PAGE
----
tions were more common than ancestral repetitions; Gegenbaur replied that the repetitions could still be recognized. The axolotl brashly flaunted its permanent youth and Weismann branded it degenerate.

What Had Become of von Baer's Critique?

I have argued that critics of the biogenetic law could not disprove it by cataloguing exceptions within its theoretical structure; I have also indicated that its downfall came (and could come) only when that structure was replaced. Yet this presents a historical problem that I can resolve only imperfectly: there already was another theory of development readily available—von Baer's laws, with their trenchant critique of recapitulation.15 Why didn't the evolutionary critics attack recapitulation from von Baer's standpoint and argue that supposed repetitions of ancestral adults were only the common embryonic stages of primitive and advanced forms alike? This was, after all, the position of Darwin himself.

Toward the end of his life von Baer wrote wistfully: " Agassiz says that when a new theory is brought forth, it must go through three stages. First men say that it is not true, then that it is against religion, and, in the third stage, that it has long been known" (1866, p. 91). But von Baer neglected the most terrible fate of all—Mendel's dilemma: that it may be true, but utterly ignored.16 Coleman noted: "While von Baer's attack may today appear to have been decisive, in the midnineteenth century it seems at best to have taught a few embryologists to be somewhat more cautious in their utterances and to have discouraged even fewer from speculating hopefully along the older lines" (1967, p. xiv).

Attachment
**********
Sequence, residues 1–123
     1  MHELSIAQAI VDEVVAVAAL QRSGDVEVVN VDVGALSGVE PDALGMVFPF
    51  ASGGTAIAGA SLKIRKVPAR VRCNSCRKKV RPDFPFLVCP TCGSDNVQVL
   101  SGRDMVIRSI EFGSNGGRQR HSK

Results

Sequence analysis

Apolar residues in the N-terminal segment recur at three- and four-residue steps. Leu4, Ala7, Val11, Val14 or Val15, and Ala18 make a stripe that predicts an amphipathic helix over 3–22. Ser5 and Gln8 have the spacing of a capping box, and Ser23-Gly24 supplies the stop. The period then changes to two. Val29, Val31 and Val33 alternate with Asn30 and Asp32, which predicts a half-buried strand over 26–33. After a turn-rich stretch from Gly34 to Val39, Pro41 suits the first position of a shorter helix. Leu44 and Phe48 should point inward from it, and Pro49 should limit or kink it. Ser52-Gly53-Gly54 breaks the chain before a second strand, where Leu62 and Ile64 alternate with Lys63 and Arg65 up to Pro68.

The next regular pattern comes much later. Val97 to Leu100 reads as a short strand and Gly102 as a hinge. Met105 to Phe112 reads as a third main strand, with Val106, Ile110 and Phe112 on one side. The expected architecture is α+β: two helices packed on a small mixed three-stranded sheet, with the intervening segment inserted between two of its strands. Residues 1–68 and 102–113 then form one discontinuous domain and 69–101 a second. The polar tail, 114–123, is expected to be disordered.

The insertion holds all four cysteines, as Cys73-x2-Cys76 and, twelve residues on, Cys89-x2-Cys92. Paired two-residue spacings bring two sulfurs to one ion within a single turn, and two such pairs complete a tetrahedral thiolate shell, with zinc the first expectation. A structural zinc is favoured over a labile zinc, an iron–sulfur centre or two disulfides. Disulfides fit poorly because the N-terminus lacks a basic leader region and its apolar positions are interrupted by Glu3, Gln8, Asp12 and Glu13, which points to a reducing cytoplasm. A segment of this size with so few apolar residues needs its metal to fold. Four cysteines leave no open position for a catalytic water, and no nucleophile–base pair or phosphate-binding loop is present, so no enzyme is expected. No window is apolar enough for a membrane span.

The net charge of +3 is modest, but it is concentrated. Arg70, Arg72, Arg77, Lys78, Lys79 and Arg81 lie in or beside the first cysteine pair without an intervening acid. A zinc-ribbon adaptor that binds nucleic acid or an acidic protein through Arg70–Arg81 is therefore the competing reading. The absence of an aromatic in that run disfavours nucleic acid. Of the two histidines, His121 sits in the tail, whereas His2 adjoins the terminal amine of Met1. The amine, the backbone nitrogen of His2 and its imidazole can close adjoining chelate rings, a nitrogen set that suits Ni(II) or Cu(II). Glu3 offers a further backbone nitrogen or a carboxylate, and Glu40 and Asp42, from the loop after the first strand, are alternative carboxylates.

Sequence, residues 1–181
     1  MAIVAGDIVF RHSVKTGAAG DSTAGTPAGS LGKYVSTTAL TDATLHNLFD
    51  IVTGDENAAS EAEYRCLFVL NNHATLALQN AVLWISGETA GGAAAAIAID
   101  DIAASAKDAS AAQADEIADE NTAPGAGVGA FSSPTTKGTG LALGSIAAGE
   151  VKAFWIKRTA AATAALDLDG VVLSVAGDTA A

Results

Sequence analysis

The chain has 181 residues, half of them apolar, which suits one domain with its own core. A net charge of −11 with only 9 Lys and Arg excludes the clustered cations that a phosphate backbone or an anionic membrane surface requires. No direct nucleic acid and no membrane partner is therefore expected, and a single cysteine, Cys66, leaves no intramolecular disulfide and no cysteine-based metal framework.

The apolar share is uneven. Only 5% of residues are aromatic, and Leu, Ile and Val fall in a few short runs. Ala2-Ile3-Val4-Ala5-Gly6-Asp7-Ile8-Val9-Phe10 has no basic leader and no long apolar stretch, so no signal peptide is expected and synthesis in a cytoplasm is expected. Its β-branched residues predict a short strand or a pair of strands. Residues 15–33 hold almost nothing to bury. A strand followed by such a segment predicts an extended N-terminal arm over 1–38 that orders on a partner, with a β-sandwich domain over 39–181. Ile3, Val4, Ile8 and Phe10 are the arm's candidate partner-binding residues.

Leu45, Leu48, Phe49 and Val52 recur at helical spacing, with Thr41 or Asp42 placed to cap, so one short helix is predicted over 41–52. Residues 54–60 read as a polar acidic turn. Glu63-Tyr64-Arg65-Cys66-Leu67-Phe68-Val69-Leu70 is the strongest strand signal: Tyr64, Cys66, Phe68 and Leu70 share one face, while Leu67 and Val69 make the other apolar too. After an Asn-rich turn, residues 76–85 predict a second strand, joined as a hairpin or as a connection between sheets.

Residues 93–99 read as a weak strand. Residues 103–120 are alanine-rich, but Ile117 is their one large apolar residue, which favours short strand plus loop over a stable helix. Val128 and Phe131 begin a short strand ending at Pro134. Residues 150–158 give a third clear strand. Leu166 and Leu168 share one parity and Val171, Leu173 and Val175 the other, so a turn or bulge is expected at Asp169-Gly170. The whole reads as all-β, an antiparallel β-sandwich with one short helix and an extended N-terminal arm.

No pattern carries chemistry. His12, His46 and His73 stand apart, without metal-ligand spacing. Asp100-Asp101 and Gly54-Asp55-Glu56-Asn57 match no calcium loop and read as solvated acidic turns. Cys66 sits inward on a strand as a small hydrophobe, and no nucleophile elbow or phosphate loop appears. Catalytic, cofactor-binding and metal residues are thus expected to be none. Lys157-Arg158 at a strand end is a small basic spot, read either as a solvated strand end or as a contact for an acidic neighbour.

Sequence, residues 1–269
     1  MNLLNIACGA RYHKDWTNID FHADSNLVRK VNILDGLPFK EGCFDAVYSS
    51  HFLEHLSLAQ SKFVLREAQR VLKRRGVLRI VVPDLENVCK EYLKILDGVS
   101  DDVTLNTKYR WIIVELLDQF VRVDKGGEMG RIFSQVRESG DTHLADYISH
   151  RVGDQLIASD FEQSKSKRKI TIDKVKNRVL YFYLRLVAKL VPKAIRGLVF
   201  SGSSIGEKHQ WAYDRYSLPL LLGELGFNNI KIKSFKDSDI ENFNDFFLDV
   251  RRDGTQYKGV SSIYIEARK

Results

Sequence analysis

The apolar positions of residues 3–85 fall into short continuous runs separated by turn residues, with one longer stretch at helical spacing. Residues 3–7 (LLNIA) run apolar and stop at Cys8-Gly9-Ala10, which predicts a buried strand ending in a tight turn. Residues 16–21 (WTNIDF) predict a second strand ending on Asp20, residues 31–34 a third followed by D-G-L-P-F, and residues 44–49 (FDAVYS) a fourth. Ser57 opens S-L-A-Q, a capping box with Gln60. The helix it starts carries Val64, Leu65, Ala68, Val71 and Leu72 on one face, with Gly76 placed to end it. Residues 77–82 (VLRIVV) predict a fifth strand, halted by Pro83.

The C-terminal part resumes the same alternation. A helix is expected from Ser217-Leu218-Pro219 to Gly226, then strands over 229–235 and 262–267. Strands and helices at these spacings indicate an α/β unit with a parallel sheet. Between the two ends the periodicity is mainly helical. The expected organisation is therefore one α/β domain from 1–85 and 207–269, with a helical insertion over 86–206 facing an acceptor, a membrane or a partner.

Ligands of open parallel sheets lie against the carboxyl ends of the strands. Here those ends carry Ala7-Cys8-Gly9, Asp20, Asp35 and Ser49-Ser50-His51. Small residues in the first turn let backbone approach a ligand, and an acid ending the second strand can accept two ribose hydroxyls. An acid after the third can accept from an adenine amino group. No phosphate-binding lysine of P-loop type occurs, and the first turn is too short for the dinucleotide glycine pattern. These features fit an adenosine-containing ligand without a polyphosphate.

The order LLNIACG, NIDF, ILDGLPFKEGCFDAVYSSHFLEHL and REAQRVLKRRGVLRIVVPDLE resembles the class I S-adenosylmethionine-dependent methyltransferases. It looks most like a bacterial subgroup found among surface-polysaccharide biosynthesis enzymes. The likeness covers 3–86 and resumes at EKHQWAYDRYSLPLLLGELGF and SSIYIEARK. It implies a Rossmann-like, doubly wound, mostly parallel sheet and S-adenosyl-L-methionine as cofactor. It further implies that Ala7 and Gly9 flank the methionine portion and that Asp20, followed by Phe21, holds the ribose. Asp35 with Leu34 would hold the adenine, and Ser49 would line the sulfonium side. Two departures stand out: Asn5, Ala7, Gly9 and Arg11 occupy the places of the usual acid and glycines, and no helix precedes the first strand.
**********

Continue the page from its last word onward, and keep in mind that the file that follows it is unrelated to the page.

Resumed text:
One reason for this neglect lies in the descriptive methodology (and ethic) of so much nineteenth-century morphology. Many criticisms of the biogenetic law were entered by-the-way in descriptive treatises when a particular finding seemed contrary to its expectations. The authors of these superb but tedious monographs felt strongly that they should play the mason's role in adding a few bricks to the temple of science. They did not study morphology to illustrate or test any theory. If an observation seemed contrary to accepted dogma, they simply recorded it; they did not seek to encompass it within a dif- ferent theory—for that would have placed theory before fact, and fact was both primary and unsullied.17

A second reason for the neglect of von Baer's alternative is simply that most late nineteenth-century evolutionists had not read it and did not have an accurate notion of what it contained. Haeckel, in a scandalous but not uncharacteristic trick of debate, had managed to assim-